Michele de Lucchi transforms Poltrona Frau showroom into Earth Station

Design

Architect and artist Michele de Lucchi explains how his takeover of Poltrona Frau’s flagship store during Milan design week explores new ways of working and learning, in this movie Dezeen produced for the Italian brand.

Named Connecting Experiences, the showroom installation comprises a series of spaces that encourage visitors to engage with a selection of Poltrona Frau products by working, relaxing and learning together.

Michele De Lucchi takes over Poltrona Frau showroom for Milan Design Week
Michele De Lucchi designed the showroom of Italian furniture brand Poltrona Frau for Milan design week

These zones are delineated by wooden screens, which are intended to add depth to the rooms whilst also creating privacy.

De Lucchi, whose architecture studio AMDL is based in Milan, was commissioned by Poltrona Frau following a research project called Earth Stations, which he conducted over a period of two years.

Michele De Lucchi takes over Poltrona Frau showroom for Milan Design Week
The showroom is divided into different zones by wooden screens

The showroom is intended to be a prototype realisation of this conceptual research project.

“I try to interpret the world in which we are living, and especially try to understand what will happen in the future,” the architect told Dezeen.

Michele De Lucchi takes over Poltrona Frau showroom for Milan Design Week
Called Connecting Experiences, the takeover is an attempt to bring people together through work, relaxation and learning

Central to De Lucchi’s research was the premise that advancements in technology would eventually liberate the human race from laborious, menial tasks.

According to the architect, this freedom could give rise to new kinds of spaces, where work and education could be engaged with in a more informal and collective manner.

Michele De Lucchi takes over Poltrona Frau showroom for Milan Design Week
De Lucchi’s two-year research project, entitled Earth Stations, inspired the showroom

The project culminated in the design of several conceptual buildings, which De Lucchi calls Earth Stations, that give the research project its name.

3D-printed models of these buildings are displayed alongside renderings in a dedicated gallery within the Poltrona Frau showroom.

In addition to a gallery, the showroom also features a co-working space and coffee bar – both of which feature a soundtrack curated by Rolling Stone magazine. Further spaces include a reading room and a conference room.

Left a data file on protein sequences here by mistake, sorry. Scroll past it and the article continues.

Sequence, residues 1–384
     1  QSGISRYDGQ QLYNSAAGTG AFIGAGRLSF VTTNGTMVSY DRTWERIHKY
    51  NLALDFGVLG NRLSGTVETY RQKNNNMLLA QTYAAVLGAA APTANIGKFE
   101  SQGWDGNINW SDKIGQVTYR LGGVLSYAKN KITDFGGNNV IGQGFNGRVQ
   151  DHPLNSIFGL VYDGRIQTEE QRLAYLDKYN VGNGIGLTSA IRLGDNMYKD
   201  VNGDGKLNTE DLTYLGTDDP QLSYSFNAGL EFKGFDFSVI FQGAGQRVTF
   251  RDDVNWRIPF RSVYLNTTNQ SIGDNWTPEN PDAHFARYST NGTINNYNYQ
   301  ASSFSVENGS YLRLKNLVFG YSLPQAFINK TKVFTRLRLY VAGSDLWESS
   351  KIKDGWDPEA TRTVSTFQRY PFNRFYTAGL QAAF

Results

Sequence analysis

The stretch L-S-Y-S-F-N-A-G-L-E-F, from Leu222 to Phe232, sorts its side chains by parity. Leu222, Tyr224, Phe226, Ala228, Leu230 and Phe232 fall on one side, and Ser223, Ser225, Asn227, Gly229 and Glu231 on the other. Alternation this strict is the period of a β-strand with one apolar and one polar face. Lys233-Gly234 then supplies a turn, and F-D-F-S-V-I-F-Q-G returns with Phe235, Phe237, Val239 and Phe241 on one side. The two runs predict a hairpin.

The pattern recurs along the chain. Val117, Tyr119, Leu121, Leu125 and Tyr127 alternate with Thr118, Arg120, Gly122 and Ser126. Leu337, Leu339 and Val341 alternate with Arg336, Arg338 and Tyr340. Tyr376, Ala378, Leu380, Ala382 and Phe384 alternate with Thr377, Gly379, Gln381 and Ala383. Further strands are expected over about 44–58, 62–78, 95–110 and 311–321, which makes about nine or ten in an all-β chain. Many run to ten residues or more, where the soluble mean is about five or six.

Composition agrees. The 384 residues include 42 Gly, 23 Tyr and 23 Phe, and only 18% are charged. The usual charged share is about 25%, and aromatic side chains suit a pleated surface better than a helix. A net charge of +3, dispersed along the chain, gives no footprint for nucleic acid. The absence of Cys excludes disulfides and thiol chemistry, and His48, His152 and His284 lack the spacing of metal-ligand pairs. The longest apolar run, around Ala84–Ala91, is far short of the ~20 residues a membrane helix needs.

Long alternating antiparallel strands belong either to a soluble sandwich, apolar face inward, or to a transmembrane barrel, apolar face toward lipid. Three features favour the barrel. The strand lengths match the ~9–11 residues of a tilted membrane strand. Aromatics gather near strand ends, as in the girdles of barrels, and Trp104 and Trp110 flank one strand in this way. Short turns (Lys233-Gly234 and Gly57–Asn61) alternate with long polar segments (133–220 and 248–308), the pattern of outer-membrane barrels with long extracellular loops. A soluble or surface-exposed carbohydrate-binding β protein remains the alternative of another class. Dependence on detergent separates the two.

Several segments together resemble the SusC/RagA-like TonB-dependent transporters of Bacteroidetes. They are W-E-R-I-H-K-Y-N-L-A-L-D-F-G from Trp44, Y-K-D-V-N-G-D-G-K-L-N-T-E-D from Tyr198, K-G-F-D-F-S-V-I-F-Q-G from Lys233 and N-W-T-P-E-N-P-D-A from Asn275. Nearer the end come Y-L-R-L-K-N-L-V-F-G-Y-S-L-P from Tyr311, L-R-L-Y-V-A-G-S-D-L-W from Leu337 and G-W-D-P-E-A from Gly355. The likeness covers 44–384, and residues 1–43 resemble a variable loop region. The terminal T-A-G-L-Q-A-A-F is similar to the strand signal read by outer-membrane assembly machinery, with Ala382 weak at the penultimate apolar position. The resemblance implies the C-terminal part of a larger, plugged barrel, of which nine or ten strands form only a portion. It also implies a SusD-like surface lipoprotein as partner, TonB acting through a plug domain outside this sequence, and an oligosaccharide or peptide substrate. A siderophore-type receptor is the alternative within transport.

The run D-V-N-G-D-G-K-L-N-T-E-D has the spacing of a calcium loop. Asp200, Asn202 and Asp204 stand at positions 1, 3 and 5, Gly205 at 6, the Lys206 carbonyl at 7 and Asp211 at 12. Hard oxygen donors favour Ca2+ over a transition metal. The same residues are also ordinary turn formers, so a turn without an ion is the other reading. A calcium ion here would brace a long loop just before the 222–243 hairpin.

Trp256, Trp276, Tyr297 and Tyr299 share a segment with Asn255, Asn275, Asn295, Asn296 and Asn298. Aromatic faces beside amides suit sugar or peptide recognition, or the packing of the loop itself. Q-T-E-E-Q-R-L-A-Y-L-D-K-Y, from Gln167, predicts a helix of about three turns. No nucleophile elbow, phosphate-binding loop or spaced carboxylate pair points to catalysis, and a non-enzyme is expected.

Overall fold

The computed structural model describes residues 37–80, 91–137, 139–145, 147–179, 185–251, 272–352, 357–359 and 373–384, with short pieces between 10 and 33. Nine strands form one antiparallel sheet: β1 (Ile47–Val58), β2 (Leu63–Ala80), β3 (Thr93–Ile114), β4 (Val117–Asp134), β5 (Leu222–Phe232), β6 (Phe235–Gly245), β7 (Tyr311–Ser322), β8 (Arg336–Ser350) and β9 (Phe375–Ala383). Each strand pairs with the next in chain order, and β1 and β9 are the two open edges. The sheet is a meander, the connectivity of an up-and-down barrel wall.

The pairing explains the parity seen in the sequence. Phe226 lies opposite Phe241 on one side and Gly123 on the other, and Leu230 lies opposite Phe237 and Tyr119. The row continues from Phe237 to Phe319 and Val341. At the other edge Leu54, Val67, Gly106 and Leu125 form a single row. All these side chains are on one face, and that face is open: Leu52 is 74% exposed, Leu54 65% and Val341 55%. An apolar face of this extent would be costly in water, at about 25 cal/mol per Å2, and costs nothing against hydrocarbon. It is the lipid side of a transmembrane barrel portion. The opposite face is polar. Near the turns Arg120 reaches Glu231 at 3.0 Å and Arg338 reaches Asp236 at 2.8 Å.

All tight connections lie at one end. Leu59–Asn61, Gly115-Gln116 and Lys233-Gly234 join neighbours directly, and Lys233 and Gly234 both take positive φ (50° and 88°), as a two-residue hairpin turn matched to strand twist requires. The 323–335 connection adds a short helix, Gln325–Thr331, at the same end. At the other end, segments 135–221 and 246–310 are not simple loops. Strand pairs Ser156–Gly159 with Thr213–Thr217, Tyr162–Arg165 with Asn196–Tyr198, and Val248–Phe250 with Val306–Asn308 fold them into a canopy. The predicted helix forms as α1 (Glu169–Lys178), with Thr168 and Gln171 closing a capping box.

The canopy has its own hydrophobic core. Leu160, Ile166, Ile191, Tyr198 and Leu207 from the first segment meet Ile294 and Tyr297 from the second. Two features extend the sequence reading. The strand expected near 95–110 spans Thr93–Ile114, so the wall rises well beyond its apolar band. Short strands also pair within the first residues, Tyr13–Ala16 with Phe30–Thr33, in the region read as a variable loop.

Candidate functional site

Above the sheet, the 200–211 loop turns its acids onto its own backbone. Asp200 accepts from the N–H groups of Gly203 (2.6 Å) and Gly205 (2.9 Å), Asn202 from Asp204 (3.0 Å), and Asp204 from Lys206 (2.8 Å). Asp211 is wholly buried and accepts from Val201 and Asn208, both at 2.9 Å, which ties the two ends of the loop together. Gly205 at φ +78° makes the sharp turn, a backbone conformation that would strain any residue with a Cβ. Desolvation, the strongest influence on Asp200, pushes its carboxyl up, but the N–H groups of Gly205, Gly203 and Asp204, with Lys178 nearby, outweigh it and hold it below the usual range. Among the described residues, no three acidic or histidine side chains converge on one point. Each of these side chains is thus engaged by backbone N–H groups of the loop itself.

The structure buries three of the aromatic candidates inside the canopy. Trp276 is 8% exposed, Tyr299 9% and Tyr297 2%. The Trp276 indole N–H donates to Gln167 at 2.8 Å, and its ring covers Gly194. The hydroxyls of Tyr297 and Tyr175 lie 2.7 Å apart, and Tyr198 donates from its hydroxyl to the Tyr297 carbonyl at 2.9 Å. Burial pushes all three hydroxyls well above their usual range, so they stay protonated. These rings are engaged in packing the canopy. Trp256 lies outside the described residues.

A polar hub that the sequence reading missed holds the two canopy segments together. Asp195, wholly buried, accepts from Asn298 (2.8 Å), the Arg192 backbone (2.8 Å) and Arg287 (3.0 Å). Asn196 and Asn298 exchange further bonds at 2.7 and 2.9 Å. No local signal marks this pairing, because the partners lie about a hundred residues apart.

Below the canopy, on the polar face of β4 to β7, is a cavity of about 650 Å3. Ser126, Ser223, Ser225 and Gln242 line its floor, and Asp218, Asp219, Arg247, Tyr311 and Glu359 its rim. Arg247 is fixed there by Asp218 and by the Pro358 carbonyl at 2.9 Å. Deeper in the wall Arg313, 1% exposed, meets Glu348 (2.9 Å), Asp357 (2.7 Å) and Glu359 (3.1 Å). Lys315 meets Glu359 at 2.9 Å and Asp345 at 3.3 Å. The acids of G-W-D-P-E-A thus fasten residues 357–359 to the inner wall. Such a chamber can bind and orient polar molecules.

Michele De Lucchi takes over Poltrona Frau showroom for Milan Design Week
The cinema is enclosed by a screen made of timber and doubles as a lecture theatre

A small cinema that doubles as a lecture theatre is screening a programme of design-related films, as well as a series of workshops and lectures given by Foster + Partners’ Pietro Gottardi and Alberto Lievore of Barcelona-based design studio Lievore + Alterr Desilé Park.

De Lucchi also added a blue three-tiered stage to the courtyard within the historic Milanese building that houses the showroom.

It is intended to act as a place where members of the public can congregate and learn in an informal way, according to the architect.

Michele De Lucchi takes over Poltrona Frau showroom for Milan design week
Installed in the courtyard is an amphitheatre which members of the public can access from Via Alessandro Manzoni

“The relationship with Earth Stations is that everything becomes an independent object” he said.

“The space is no longer a co-ordinated space, but is like a museum with an exposition of different sculptures and different artworks,” he added. “Here, even an amphitheatre becomes a piece of art.”

Pieces of Poltrana Frau furniture are exhibited throughout the installation including the Chester One armchair, which was designed by the brand’s founder Renzo Frau in 1912, Foster + Partners’ Cove chair and the Let It Be sofa designed by Ludovica and Roberto Palomba.

Michele De Lucchi takes over Poltrona Frau showroom for Milan Design Week
Poltrona Frau’s flagship store is housed within an old Milanese building

Designers need to innovate and defy convention in order to respond to the rapid pace of change in today’s society, according to De Lucchi.

“It’s very difficult to predict how fast the world will develop but we need visions for the future,” he said. “The traditional and conventional way to design today is no longer appropriate to fulfil the imagination and the needs of the people of the future.”

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